Fisher’s somewhat more stately approach to the framing and pacing of his films indeed provided the template to which other directors for Hammer would both adhere and from which they would depart, with varying results from each approach. It’s entirely possible that horror fans of a younger generation than the one I come from might find a movie like Fisher’s The Curse of the Werewolf entirely too restrained. Seen from the vantage point of 1961’s keepers of morality, the heaving bosoms and generous splashes of blood ensured that this would not the case, of course, at the same time that it kept everyone else glued to the screen. What puts off impatient viewers who are accustomed to the more instant gratification-friendly filmmaking most prevalent in the last 20 years or so is Fisher’s complete sense of control and appreciation of the story’s rather epic perspective, his insistence upon takign the time necessary to tell the story properly. It is, after all, a movie whose ostensible main character, Leon Corledo (Oliver Reed), the recipient of the titular curse, doesn’t even appear until nearly an hour of running time has passed. Fisher’s sure directorial hand conveys more confidence through a single pinky than his contemporaries can muster with both fists, and this confidence serves the storytelling trajectory well. The film begins by recounting the misfortune of a beggar who makes the mistake of intruding on the wedding party of a particularly foul and arrogant marquis. The beggar is tossed into a dungeon, where his sanity slowly slips away after years of imprisonment. The only person who has shown the least sympathy or concern for the beggar’s predicament is the buxom deaf-mute daughter of the marquis’s jailer, but her humanity is soon subjected to the most undeserved of horrors. Assaulted by the marquis after a failed rape, he orders her thrown into the cell with the beggar, who has lost all control over his behavior and his appetites. She is soon raped and impregnated by the animalistic prisoner and, after escaping and murdering the marquis, flees to the forest where she spends the next few months foraging for food and hoping to survive her pregnancy in secrecy.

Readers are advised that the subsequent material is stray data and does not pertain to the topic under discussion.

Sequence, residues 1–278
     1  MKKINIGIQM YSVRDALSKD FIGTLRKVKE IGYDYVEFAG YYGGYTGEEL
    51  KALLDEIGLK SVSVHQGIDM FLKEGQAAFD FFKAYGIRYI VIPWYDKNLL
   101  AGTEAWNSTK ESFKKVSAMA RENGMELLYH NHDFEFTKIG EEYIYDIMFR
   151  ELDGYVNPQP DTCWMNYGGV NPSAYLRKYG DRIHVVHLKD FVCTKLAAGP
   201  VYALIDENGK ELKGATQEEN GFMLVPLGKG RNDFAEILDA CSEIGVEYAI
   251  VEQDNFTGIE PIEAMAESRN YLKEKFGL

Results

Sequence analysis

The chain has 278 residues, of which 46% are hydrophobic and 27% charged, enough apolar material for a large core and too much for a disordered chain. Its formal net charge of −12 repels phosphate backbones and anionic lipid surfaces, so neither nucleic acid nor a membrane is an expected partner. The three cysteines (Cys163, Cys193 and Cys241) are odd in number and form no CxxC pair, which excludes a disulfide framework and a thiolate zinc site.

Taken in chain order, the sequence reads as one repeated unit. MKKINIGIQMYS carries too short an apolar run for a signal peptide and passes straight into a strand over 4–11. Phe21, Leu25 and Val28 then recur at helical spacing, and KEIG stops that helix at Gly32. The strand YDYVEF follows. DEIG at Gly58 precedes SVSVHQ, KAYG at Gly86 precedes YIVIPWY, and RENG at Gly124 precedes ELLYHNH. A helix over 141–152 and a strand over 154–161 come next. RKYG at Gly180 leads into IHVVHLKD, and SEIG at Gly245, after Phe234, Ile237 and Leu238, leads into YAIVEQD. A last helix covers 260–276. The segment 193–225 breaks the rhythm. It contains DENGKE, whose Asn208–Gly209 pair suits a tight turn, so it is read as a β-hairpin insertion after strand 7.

As suzidoll notes in her thoughtful essay on The Curse of the Werewolf, the movie’s sense of a sprawling, epic narrative is not facilitated some much by splashy budgetary indulgences, but by the depiction of class strata that is fairly typical of British productions. “Issues of class are often part of Hammer’s horror films, either directly in the storyline or subtly through the fates and misfortunes of the characters,” she writes. This is certainly is the case in Curse of the Werewolf, where the poor and unfortunate are made to bear the brunt of the extremities of an aristocracy’s sense of entitlement and sexual rage, thus unleashing forces of evil that end up ravaging the society at large as a result. Indeed, Hammer’s own Plague of the Zombies, which was released five years later, in 1966, nimbly navigates the subject of class-related exploitation in a way that connects it on a line of social horror films from Val Lewton (I Walked with a Zombie) to Wes Craven (The Serpent and the Rainbow).